Are You Sitting Comfortably?

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Computers and tablets are an essential part of our lives, especially at the moment! Whether for work or pleasure we do spend a lot of our time sitting or slumped in front of them. It’s great news for osteopaths as we treat lots of tense shoulders and headaches, back pain, and even pins and needles in the hands. So it’s even more important to be careful whilst we can’t do hands on treatment.

Here’s some tips to help prevent these aches and pains.

Here are some tips: –

  • Working from the sofa or bed should be avoided, even bingeing box sets for hours on end. We just get too comfortable and don’t move much for long periods of time, it’s the lack of movement which causes the development of aches and pains.
  • When you sit on a chair try to make sure your back is supported and comfortable, you may need a pillow or cushion behind you (especially if you are short), your feet should be flat on the floor and knees at 90 degrees. If you find yourself perched on the end of the chair or legs are dangling use a box or book (s) on the floor for the feet to rest on.
  • The desk/table should low enough or the chair high enough so that your arms will rest as though they are hanging from your shoulders (elbows are nearer 120 degrees than at 90 degrees). If your shoulders are raised at all the top of your shoulders will ache, that means that the table is too high or the chair too low. If your feet are no longer flat on the floor use a box/book or footrest to raise them up again.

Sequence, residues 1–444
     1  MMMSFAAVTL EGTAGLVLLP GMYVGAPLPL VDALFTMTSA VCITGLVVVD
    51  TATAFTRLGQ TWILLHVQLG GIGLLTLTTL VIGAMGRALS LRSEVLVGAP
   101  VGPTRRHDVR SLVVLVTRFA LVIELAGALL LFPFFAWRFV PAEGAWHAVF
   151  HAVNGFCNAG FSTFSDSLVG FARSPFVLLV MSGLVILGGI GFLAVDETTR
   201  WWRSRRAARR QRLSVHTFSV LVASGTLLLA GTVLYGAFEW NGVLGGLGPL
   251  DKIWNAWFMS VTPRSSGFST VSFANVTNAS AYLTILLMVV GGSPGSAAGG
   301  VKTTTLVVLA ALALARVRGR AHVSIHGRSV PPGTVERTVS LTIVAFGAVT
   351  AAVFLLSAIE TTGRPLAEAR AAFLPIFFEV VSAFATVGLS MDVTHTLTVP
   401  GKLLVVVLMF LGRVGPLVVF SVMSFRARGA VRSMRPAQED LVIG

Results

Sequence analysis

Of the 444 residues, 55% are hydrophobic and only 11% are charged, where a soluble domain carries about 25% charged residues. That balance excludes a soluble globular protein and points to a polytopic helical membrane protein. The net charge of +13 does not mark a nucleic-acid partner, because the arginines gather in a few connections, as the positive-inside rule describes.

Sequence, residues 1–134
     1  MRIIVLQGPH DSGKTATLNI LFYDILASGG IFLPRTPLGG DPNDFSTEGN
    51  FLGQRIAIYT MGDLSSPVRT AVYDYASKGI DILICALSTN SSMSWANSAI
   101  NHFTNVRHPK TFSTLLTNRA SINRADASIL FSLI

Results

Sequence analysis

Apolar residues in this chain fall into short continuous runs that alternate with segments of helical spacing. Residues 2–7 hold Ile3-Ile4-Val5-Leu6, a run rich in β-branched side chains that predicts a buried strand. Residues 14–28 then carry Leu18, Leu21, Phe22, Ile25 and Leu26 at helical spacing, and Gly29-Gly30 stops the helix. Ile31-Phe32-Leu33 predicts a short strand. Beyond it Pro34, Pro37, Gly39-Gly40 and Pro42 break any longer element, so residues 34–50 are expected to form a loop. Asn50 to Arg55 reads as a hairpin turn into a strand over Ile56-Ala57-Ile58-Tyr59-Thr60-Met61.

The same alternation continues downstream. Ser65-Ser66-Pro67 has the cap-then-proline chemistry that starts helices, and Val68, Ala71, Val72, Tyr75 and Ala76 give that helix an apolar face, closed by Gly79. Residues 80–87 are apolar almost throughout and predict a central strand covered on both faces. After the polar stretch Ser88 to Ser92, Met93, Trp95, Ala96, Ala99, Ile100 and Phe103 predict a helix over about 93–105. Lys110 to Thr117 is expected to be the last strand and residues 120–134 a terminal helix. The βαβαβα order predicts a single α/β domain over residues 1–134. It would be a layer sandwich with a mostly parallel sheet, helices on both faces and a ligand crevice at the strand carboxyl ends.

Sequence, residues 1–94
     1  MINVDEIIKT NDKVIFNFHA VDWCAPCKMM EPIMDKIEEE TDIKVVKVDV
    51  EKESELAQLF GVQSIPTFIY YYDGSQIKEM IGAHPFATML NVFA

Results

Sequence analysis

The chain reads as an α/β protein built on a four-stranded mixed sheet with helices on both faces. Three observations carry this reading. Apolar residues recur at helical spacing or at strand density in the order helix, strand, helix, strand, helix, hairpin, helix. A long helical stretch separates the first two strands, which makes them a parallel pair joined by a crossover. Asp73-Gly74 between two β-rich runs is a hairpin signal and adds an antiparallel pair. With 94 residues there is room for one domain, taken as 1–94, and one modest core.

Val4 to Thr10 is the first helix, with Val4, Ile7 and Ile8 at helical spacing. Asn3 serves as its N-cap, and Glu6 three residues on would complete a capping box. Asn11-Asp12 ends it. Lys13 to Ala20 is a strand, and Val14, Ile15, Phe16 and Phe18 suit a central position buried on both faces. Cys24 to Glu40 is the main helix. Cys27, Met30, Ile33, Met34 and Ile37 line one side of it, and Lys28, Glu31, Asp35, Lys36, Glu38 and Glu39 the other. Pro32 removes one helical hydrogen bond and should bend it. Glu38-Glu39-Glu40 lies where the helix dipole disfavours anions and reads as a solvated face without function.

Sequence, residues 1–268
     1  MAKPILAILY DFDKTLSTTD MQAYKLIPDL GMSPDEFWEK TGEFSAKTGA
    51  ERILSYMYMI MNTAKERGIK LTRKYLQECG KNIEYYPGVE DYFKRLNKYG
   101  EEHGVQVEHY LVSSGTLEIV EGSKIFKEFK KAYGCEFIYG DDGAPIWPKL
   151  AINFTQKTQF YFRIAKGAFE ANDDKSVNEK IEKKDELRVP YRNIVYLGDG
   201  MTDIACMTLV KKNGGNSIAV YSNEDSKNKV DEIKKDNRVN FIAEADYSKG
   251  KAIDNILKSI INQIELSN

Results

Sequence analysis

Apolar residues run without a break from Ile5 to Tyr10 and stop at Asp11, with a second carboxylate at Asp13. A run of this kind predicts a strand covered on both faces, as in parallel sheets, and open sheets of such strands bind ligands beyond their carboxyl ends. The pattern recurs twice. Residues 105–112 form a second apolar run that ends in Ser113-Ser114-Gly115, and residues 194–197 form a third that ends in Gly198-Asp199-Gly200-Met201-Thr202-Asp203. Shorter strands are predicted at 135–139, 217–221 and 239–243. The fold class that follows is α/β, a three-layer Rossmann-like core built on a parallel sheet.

• The monitor or screen should be high enough that you are not looking down to it and not too close (hold your arms out in front of you and the screen should be as far away as your fingertips). Worth investing in a laptop stand and separate keyboard so you aren’t always looking down at the screen.
  • Holding a tablet computer e.g. an iPad too low, say on the lap, forces the neck to bend forward too much, straining the neck, also holding it in one hand for a long time can also often give you achy shoulders. Simply placing a tablet on a table propped at an angle in a tablet case can reduce neck and shoulder strain and potential pain.
  • Regularly changing position when using tablets and computers will also reduce the strain on the neck and shoulders as well as helping your back.
  • Movement is key, have regular movement “snacks” every 30/45 minutes make a cup of tea, stretch the chest, move the neck, run or walk up/down stairs (if you have them), march up and down. The list is endless!
  • If you are on the mobile get up and walk around.

Finally, don’t leave it too long before seeking help and suffering persistent headaches and pins and needles in the hands.

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